They love the cafe’s “no-gluten multigrain pancakes,” French toast made with custard-dipped brioche, and Santa Fe Eggs Benedict, which is served on a house-made green chile cheese biscuit.
For Brick & Elm, Higgins prepared her specialty corn fritters, which she features just a couple times a year when corn is fresh and in season. “It’s really popular,” she says. “People love it.”
Girasol Cafe & Bakery
3201 S. Coulter St.
This upscale, contemporary restaurant in west Amarillo was one of the first to offer a regular weekend brunch and has been a reliable source of attentive service, exceptional dishes and trendy cocktails. The signature bloody mary, with house-infused spicy vodka, is one of the city’s best.
“We make everything from scratch,” says Front-of-House Manager Tina Brown. “People really love the atmosphere and the higher quality of food.” That food includes the Salmon Benny, a traditional eggs Benedict that adds salmon to the mix. (When
fresh and available, there’s also a Sea Bass Benny.) Topped with two eggs, the southwest enchiladas are also popular at brunch, along with French toast topped with an orange zest cream cheese drizzle.
Last year, to give employees a day off, Public House began closing on Sundays, which makes its Saturday brunch even more special.
3333 S. Coulter St.
“Brunch” is in the name of this downtown delight, and a Saturday brunch has been one of its highlights since Nicole Fleetwood and McKinzie Hodges opened Scratch Made in 2016. There were few brunch options in Amarillo at the time. “Brunch culture in Amarillo has really come a long way,” Fleetwood says.
“And this is definitely brunch,” says Hodges, pointing out Scratch Made’s quiche, salad and fruit options. “It’s not just breakfast.” The duo recently expanded its brunch menu into the rest of the week, and it’s proven a hit.
“I think it’s just the happy combination between lunch and breakfast, with nice savory options,” says Fleetwood.
“And free mimosas all week long,” Hodges adds. “Brunch has to have mimosas.”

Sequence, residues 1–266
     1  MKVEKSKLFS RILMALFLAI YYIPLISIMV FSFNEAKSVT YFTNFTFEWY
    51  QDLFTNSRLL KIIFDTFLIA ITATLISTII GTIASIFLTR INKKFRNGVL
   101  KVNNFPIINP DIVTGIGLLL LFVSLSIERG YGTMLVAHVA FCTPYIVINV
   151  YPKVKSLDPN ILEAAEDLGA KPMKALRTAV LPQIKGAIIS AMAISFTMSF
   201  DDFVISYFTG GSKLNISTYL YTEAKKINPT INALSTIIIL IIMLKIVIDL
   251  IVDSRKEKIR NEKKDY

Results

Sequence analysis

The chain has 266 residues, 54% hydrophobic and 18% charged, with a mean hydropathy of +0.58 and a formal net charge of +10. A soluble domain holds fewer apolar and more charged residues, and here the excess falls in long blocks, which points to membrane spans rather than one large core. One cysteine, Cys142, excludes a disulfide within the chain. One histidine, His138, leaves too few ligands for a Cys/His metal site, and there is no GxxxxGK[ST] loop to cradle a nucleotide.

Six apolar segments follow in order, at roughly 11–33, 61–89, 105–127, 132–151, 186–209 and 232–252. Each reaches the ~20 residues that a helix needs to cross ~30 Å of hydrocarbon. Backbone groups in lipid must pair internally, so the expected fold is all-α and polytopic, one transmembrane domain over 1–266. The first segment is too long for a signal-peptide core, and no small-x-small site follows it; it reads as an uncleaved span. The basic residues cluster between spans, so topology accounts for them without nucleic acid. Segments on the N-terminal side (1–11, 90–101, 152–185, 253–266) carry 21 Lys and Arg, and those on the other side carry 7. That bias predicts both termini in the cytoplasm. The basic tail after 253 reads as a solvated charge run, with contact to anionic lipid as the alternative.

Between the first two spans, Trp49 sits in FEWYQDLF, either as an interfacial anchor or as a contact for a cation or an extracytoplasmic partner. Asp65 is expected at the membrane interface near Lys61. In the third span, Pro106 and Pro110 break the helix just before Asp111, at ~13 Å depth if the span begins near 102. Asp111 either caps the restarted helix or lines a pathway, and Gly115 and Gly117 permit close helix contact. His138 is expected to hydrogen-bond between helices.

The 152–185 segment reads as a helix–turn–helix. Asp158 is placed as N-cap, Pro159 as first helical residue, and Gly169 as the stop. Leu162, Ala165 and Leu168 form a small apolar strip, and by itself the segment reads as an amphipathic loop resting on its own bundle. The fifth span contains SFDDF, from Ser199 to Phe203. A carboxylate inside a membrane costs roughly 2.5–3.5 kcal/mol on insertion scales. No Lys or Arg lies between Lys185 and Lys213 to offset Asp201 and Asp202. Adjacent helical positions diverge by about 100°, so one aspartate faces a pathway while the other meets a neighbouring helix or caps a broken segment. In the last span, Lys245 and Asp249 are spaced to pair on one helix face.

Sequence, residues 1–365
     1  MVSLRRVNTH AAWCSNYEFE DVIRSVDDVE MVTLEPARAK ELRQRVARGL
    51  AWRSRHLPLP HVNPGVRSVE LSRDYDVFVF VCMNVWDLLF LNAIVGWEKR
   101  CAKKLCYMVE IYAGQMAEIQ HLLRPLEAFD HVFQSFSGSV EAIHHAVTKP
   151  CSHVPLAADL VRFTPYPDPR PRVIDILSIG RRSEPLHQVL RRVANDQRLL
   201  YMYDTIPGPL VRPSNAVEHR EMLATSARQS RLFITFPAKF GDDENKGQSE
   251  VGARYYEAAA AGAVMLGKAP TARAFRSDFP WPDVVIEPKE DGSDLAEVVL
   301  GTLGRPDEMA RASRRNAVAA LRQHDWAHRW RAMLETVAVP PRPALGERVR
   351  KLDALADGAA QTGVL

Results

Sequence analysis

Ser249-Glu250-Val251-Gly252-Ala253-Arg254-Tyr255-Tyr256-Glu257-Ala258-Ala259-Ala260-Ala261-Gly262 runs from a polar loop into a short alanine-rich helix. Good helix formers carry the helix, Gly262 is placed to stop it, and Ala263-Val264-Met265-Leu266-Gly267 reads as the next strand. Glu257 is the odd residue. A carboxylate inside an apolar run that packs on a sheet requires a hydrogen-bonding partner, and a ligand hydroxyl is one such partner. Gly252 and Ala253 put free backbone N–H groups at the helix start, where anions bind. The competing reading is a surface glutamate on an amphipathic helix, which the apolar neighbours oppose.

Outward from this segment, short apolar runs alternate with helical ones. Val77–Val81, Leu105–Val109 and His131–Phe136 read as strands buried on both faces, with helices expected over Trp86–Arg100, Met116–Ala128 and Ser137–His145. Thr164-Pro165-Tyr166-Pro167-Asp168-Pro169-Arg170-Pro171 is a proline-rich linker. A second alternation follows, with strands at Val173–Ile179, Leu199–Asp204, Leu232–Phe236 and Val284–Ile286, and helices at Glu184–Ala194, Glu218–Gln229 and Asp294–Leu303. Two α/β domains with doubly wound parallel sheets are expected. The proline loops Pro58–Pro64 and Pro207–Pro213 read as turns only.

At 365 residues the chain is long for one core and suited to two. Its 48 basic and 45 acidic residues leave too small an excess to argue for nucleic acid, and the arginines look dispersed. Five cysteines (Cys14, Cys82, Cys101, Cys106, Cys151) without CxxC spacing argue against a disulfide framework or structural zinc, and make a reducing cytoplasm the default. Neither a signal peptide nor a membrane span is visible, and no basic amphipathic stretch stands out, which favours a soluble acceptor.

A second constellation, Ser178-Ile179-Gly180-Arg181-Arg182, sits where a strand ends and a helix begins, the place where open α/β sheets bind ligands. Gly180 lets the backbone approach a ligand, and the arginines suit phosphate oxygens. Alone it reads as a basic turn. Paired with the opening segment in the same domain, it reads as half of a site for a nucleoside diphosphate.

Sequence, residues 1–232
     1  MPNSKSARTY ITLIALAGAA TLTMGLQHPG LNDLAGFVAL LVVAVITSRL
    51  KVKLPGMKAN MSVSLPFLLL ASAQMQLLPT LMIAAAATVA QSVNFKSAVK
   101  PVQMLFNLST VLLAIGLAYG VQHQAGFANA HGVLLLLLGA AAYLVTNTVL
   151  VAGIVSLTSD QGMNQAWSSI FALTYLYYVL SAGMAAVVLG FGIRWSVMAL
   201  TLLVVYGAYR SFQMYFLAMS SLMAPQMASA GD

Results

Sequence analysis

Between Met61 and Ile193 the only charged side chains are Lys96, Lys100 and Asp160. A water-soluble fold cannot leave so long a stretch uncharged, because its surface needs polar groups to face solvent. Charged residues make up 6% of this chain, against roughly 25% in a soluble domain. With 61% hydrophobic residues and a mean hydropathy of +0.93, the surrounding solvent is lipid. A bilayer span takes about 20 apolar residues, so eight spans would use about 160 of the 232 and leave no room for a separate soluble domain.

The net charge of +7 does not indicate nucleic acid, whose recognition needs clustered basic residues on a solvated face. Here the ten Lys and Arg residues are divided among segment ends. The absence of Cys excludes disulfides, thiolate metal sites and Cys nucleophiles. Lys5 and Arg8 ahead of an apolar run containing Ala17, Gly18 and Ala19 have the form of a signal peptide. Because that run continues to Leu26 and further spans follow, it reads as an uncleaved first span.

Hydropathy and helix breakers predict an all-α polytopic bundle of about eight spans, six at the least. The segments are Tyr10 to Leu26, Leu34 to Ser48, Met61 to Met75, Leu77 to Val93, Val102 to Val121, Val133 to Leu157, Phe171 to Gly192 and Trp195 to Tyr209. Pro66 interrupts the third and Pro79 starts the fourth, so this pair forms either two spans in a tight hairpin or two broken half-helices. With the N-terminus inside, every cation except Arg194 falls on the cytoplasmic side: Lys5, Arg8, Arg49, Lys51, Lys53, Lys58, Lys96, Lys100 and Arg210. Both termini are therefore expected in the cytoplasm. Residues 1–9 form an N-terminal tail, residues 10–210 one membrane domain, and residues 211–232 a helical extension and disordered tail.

Aside from the mimosas, the Scratch Made French Toast is extremely popular. And available on Saturdays only, the B.A.C. never fails to get attention. “The B.A.C.—the big-ass cinnamon roll—is always a hit,” says Hodges. “People think it’s fun.”
Scratch Made is currently in growth mode, preparing to expand everything from its kitchen to its front bakery cases. Across the street, Fleetwood and Hodges also operate a coffee, breakfast and lunch nook on the first floor of FirstBank Southwest Tower. “We’re also doing pop-up brunken events and private parties,” adds Fleetwood. Yes, that’s brunken: brunch food for late nights and tipsy crowds.
Scratch Made Bakery & Brunchery
118 Sixth Ave.
Located downtown near FirstBank Southwest Tower, this cozy eatery serves food with a Cajun-Creole flair, and that includes its brunch menu, available every Sunday and from Tuesday to Friday.
Chef Ron Granger recognizes that his Creole cooking stands out in a world of pancakes and waffles. “Sausage and shrimp are not conventional breakfast items,” he says, pointing to his popular Creole Breakfast Bowl. This hash-style meal contains onions, peppers, shrimp and smoked sausage served over a bed of potatoes or southern-style grits.
His inspiration for the dish came from the Ruby Slipper Cafe in New Orleans’ French Quarter, where southern brunch is a specialty. “Everything there seemed to be deconstructed,” he says. “Now this is our most popular brunch item.”
But Granger serves standard brunch fare as well, including waffles. Topped with pecans or mixed berry compote, these happen to be fully constructed and are beloved by his customers. In fact, Chef Ron’s weekend brunches became so popular over the past year that Sunday’s Kitchen recently expanded the brunch menu to weekdays.
112 Sixth Ave.